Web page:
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dc.contributor.authorCeluch, Kevin
dc.contributor.authorValadares, Kevin
dc.date.accessioned2020-02-04T20:57:37Z
dc.date.available2020-02-04T20:57:37Z
dc.identifier.urihttp://hdl.handle.net/20.500.12419/496
dc.descriptionPresentation. 2nd Celebration of Teaching & Learning Symposium, January 25, 2018, the University of Southern Indiana
dc.description.abstractThe notion of transformative learning, learning that moves beyond content to impact motivational commitment beyond the classroom is a focus of higher education. While a laudable goal, questions exist as to the specific cognitions involved in the process of driving lifelong learning. The self-regulated learning perspective has become a dominant viewpoint from which to explore transformative (lifelong) learning. Self-regulated learning views students as active participants in the learning process. Within self-regulatory frameworks, cognitive and motivational mediators are posited to influence the relationship between the classroom experience and student performance. The significance of self-regulatory learning is that it develops capacity for continuous learning beyond the classroom. The present research examined relationships among several key self-regulatory concepts. The sample for the study consisted of students who were assigned classes in a classroom specifically designed for active/collaborative learning at USI. Eight different classes were assigned this learning space. While classes utilized different content-related in-class activities, all classes employed student group activities as a significant component of the in-class experience. Paper questionnaires were distributed toward the end of semester classes. The distribution procedure resulted in a total of 206 completed questionnaires. Conditional process analysis was used to provide a rigorous test of direct and indirect effects of independent variables on a dependent variable. Consistent with predictions, student perceptions of active learning were found to interact with perceptions of student-faculty interaction to influence a student's mastery goal orientation such that stronger active learning perceptions have a greater effect on mastery goal orientation when students perceive lower student-faculty interaction. Further, this interaction was found to work through mastery goal orientation to influence student self-efficacy for self-regulated learning. Implications of this research point to the significance of the use of active learning to help drive students' mastery goal orientation and self-regulatory capacity.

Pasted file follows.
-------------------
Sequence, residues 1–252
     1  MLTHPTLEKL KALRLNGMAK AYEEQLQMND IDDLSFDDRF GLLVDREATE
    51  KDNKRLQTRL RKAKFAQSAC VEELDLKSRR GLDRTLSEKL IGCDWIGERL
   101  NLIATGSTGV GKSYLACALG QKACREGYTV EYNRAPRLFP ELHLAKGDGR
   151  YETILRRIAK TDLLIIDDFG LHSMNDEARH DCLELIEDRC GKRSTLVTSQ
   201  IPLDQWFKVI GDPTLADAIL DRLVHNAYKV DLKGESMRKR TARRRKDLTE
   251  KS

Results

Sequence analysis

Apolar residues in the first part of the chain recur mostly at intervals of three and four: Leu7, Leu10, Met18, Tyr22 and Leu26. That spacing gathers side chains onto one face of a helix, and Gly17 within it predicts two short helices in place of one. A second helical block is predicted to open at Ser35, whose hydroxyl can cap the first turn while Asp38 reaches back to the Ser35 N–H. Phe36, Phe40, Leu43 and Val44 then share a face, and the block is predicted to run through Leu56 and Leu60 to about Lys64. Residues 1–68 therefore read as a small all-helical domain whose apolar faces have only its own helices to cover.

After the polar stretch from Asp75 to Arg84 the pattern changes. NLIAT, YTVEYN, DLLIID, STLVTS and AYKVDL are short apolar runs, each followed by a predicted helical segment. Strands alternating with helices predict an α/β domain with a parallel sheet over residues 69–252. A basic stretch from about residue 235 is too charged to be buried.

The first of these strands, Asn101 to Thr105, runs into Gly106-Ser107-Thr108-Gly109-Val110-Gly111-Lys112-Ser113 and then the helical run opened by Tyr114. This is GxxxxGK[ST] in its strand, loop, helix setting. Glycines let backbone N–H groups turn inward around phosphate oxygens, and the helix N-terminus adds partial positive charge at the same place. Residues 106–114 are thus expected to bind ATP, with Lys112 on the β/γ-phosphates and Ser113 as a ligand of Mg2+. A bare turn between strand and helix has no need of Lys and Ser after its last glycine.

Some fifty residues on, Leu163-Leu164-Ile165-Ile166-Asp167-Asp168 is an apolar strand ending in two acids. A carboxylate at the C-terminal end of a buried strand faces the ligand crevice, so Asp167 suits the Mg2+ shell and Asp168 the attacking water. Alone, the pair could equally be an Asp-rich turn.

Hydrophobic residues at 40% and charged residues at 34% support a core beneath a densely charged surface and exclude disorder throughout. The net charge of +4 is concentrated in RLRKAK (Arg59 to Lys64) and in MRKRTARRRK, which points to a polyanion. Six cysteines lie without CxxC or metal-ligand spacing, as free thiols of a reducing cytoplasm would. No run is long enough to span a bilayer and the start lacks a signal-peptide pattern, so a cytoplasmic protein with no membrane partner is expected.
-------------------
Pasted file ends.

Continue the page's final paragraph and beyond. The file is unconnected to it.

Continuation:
dc.subjectimproving student engagement and motivation
dc.subjectlearning in specific settings or contexts
dc.titleThe Role of Active Learning and Student-Faculty-Interaction in Student Lifelong Learning
html.description.abstract<p>The notion of transformative learning, learning that moves beyond content to impact motivational commitment beyond the classroom is a focus of higher education. While a laudable goal, questions exist as to the specific cognitions involved in the process of driving lifelong learning. The self-regulated learning perspective has become a dominant viewpoint from which to explore transformative (lifelong) learning. Self-regulated learning views students as active participants in the learning process. Within self-regulatory frameworks, cognitive and motivational mediators are posited to influence the relationship between the classroom experience and student performance. The significance of self-regulatory learning is that it develops capacity for continuous learning beyond the classroom. The present research examined relationships among several key self-regulatory concepts. The sample for the study consisted of students who were assigned classes in a classroom specifically designed for active/collaborative learning at USI. Eight different classes were assigned this learning space. While classes utilized different content-related in-class activities, all classes employed student group activities as a significant component of the in-class experience. Paper questionnaires were distributed toward the end of semester classes. The distribution procedure resulted in a total of 206 completed questionnaires. Conditional process analysis was used to provide a rigorous test of direct and indirect effects of independent variables on a dependent variable. Consistent with predictions, student perceptions of active learning were found to interact with perceptions of student-faculty interaction to influence a student's mastery goal orientation such that stronger active learning perceptions have a greater effect on mastery goal orientation when students perceive lower student-faculty interaction. Further, this interaction was found to work through mastery goal orientation to influence student self-efficacy for self-regulated learning. Implications of this research point to the significance of the use of active learning to help drive students' mastery goal orientation and self-regulatory capacity. </p>
dc.contributor.affiliationUniversity of Southern indiana


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